"... either fell before or after reaching German lines. Certain Officers, NCOs and men penetrated the line and passed into the third trench probably, where it is almost certain they were seen later by one of our aeroplanes in an isolated position. It is assumed they gave a good account of themselves, and hoped that some were taken prisoner probably after being wounded, and received good treatment."

Robert (Ivan) was one of the 470 men lost as casualties from the 624 who attacked, 273 of whom were killed in action. The few men who did reach the German lines were captured or killed by the Germans but most of the men did not even get that far, they, like Robert, were cut up by machine-gun fire from Thiepval Chateau. At 8.00 p.m. that night 3 Officers and 150 men answered roll-call.

Lieutenant Edgar Lord wrote to Robert's parents with details of his death, gleaned from two men who survived: "Ivan's Company Commander was wounded so Ivan leaped on the parapet in charge of the Company saying 'Come on lads!' A hail of machine gun fire was opened on them but he was unharmed until within 12 yards of the Bosche trench when he was hit in the wrist by a bullet. He sat down to bind it up when he was hit by another through the head and although the two men were about 6 - 8 yards away they never saw him again."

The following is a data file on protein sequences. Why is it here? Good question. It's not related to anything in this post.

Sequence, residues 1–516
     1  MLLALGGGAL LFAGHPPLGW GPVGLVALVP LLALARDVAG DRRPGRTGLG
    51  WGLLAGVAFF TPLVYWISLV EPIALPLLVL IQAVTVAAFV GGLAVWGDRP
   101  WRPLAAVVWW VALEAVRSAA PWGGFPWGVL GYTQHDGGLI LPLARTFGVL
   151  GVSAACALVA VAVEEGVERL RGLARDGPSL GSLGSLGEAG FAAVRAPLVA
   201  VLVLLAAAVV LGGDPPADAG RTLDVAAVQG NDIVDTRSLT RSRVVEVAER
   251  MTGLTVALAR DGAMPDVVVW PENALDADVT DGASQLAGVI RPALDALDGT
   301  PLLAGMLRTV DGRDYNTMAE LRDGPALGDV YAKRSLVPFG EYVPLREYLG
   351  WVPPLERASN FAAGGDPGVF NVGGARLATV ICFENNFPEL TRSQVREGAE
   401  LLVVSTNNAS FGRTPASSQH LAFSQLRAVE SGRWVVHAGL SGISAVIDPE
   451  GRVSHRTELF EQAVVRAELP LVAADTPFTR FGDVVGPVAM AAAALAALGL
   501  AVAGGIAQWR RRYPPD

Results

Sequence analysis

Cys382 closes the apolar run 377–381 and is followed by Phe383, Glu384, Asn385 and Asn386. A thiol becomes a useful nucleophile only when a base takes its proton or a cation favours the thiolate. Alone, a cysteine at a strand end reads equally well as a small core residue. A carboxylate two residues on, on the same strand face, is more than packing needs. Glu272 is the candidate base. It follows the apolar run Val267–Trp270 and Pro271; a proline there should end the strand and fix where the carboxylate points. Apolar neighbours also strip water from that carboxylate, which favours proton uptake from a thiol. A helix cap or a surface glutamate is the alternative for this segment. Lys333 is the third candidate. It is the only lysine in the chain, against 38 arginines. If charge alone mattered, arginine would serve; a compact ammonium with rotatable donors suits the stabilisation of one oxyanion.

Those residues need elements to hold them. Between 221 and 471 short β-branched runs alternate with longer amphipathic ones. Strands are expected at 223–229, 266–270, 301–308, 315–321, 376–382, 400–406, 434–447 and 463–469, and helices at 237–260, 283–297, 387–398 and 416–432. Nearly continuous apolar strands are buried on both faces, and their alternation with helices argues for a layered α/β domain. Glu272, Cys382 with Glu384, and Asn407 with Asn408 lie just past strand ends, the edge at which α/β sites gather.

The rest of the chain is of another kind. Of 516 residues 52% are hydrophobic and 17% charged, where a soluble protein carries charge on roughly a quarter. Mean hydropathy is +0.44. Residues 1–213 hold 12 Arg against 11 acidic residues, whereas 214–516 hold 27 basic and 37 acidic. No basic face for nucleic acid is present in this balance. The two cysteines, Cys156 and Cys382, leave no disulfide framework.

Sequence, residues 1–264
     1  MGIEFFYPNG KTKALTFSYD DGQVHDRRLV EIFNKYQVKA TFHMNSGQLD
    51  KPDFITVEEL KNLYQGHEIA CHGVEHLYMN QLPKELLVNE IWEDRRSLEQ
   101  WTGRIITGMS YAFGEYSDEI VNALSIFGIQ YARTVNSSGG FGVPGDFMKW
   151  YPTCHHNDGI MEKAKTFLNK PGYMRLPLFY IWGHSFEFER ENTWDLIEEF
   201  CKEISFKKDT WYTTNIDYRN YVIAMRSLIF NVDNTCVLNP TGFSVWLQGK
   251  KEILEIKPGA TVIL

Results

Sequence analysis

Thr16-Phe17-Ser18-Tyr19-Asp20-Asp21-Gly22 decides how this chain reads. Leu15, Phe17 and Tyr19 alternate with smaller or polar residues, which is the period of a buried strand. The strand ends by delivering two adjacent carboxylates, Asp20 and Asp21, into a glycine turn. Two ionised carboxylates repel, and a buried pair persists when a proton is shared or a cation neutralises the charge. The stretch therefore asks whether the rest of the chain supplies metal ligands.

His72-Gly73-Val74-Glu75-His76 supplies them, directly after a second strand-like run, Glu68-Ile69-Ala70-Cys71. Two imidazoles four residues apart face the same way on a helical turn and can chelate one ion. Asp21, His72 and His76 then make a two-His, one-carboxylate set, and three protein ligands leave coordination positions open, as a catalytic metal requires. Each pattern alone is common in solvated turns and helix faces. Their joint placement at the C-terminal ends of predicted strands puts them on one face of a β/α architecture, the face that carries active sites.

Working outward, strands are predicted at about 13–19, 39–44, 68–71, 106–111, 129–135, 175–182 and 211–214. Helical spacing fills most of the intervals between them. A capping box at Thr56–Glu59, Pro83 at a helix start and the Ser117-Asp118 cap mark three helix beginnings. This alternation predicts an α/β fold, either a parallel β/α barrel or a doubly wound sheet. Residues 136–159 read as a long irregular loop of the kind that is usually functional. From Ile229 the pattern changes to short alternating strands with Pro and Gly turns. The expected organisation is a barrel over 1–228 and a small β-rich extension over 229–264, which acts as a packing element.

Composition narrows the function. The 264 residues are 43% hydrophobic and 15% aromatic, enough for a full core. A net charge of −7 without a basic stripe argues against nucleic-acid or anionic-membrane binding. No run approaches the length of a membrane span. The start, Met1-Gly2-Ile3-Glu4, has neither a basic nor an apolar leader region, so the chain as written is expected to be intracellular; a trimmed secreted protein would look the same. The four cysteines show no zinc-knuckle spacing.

Of the 273 men to be killed on the first day of The Battle of the Somme, Robert is one of just 67 to have a known grave - the others are commemorated on the Thiepval Memorial. He lies with two other men from the Battalion in Lonsdale Cemetery. This Cemetery was enlarged after the Armistice when graves were brought in from the surrounding battlefields and from other small burial grounds, so it is possible that Robert had originally been buried elsewhere on the Battlefield.


[Capt Geoffrey Yates Heald, of the same Battalion, who commanded 'B' Company, was killed
on the same day and is buried in the same Cemetery. Though not a Buxton man he has a
commemorative cross in Buxton Cemetery on the grave of his sister.]

Footnote:

Thiepval Village
96 Brigade who were to make a direct attack on Thiepval was made up of three pals battalions, along